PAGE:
Jul 4, 2014


There are certain factions of the American populace who are a little...off. If I were being as respectful as possible, I would say that those people who have broken off from society and chosen to live in survivalist camps, hording non-perishable food, water, guns, etc., convinced that society is soon going to collapse and leave people scrounging for survival...well, let's just say I don't have too much in common with them. Though there are times when I have grown so exasperated and disillusioned by my own government, the idea behind which is to provide law, order, aid, support, and "freedom," but which instead is fine with being as useless as a three-ounce paperweight, that I've sworn off my social security number and credit cards and threatened to pull an Into the Wild and go off the grid entirely. Granted, though the chances of me ever following through with this threat are pretty slim, the fact that my sometimes anger and disenfranchisement has lead me to even consider it perhaps shows that I do share something in common with those aforementioned groups.

I bring this up because, at the heart of these kinds of thoughts, sometimes lies any variety of conspiracies. I can look at the government and think the only thing driving them is greed and their blind stunted political ideology. But others can look at the government and think all kinds of shadowy conspiracies are afoot. We are a country that has long been obsessed with conspiracies. From the JFK assassination to Area 51, we as a people like to, or need to, believe that we're never being told the whole story. We don't want to believe that it was simply one jack-ass who managed to kill the most powerful man in the world; we need to believe it was the mafia or Castro or the succeeding Vice President Lyndon Johnson, or all of them, who were responsible. But, sometimes, it really is just one jack-ass.

The Conspiracy, a mockumentary approach to unveil the world's most powerful secret society, presupposes that World War I, the Vietnam War, and 9/11, among other deadly events significant to American history and culture, were caused not because of the assassination of Archduke Ferdinand, a naval attack in the Gulf of Tonkin, and religious extremists, but were all actually perpetrated by something called the Tarsus Club: an Illuminati-esque group of the most powerful individuals across the globe.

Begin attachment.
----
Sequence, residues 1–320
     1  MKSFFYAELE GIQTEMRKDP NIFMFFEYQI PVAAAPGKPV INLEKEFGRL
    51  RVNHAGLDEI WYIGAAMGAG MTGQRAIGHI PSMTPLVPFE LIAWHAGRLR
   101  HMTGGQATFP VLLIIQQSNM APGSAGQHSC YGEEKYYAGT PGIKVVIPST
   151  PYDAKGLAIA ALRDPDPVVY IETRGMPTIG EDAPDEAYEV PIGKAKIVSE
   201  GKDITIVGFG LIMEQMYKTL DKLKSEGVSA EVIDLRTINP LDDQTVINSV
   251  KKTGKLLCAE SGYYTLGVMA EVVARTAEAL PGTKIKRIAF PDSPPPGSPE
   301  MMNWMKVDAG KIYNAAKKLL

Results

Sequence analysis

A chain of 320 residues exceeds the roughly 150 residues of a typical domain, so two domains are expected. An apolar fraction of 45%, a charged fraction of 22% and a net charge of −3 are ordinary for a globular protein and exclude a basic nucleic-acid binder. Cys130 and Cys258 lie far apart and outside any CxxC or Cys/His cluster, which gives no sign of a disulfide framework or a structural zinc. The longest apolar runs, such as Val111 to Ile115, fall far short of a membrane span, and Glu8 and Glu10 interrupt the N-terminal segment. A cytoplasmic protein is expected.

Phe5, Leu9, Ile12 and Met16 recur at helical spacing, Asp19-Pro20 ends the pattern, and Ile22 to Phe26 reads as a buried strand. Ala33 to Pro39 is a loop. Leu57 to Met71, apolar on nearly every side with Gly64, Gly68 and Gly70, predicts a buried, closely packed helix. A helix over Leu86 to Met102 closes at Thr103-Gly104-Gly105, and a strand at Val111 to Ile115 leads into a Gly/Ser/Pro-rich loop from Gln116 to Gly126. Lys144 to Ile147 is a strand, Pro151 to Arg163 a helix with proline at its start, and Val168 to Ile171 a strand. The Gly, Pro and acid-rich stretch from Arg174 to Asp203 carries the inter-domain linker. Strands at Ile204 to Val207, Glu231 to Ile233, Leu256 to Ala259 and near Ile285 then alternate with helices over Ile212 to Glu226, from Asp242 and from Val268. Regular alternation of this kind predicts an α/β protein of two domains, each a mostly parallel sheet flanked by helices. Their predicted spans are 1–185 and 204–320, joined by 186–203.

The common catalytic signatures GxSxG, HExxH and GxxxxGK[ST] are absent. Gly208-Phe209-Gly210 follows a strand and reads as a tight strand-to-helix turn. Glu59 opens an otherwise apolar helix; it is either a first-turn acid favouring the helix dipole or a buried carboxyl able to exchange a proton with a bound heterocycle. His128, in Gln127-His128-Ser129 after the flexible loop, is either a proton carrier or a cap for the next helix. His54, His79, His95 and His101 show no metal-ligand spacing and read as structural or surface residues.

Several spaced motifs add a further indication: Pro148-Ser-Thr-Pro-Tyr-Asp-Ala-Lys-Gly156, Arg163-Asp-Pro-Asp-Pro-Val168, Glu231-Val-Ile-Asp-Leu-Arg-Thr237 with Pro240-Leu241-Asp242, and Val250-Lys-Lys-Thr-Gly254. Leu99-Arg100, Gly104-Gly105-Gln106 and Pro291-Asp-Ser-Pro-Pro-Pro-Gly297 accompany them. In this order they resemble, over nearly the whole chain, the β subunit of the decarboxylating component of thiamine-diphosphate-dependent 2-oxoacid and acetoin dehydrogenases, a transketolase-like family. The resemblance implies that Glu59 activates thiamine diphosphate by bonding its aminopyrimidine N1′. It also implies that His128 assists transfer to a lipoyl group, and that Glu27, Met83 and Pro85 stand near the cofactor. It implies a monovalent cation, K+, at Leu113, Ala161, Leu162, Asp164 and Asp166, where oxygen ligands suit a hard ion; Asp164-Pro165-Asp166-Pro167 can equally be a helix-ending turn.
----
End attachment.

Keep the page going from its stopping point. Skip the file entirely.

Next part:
The documentary within The Conspiracy begins with focusing solely on a man named Terrance (an awesome Alan  C. Peterson), whom our documentary filmmakers, Aaron (Aaron Poole) and Jim (James Gilbert), are studying. Terrance has some wild claims about the Tarsus Club, but his public tirades delivered via loudspeaker are mostly ignored. Aaron seems rather taken with Terrance while Jim seems only amused...that is until the filmmakers, one day, have trouble getting in touch with their subject. Calls go unanswered, messages unreturned, front doors unopened. They eventually gain access to Terrance's apartment and find that it has been ransacked and vandalized; his blanket of newspaper clippings linking together five random news stories in order to construct one single conspiracy, has been torn off the wall.

Aaron feels compelled to take the evidence left behind from the ransacking and continue the investigation where Terrance had left off, and gradually, as he unearths more and more about the Tarsus Club, they welcome into their lives more and more layers of danger, beginning with a black SUV that seems to follow them everywhere they go, and ending with an upfront and terrifying confrontation with the very club they are investigating.  

The Conspiracy, an amalgam of JFK, the non-sci-fi aspects of "The X-Files," Conspiracy Theory, Interview with the Assassin, and many more like it, is simply put, fantastic. Written/directed by Christopher MacBride, it is a hyper-realistic, well-written and well-acted piece that presents you with some pretty fantastic claims, but never in a way where they feel fantastic. The cast is sympathetic and entirely convincing (and special mention must be made of character actor Julian Richings, perhaps most famous for his reoccurring role of Death on "Supernatural," whose entire performance is limited to two scenes, a blurred-out face and artificially deepened voice, and who is still, somehow, entirely recognizable).

(Image from "Supernatural.")

Your personal mindset will determine how much belief you'll need to suspend (while some of you may even believe everything you're watching is 100% real). The Conspiracy is a film that both deserves and demands your attention; the more details you soak up and infect your brain, the more rewarding the outcome will be. (For instance, if you consider the ending "ambiguous," then you simply hadn't been paying attention.) This was a film I'd been waiting to see for two years or more once news broke of its existence; all these years later, it was more than worth the wait.

* For the record, it was through absolute random chance that I've chosen to highlight a film about conspiracies related to the American government on this, the anniversary of the country's founding. But, I don't feel bad about it, either.

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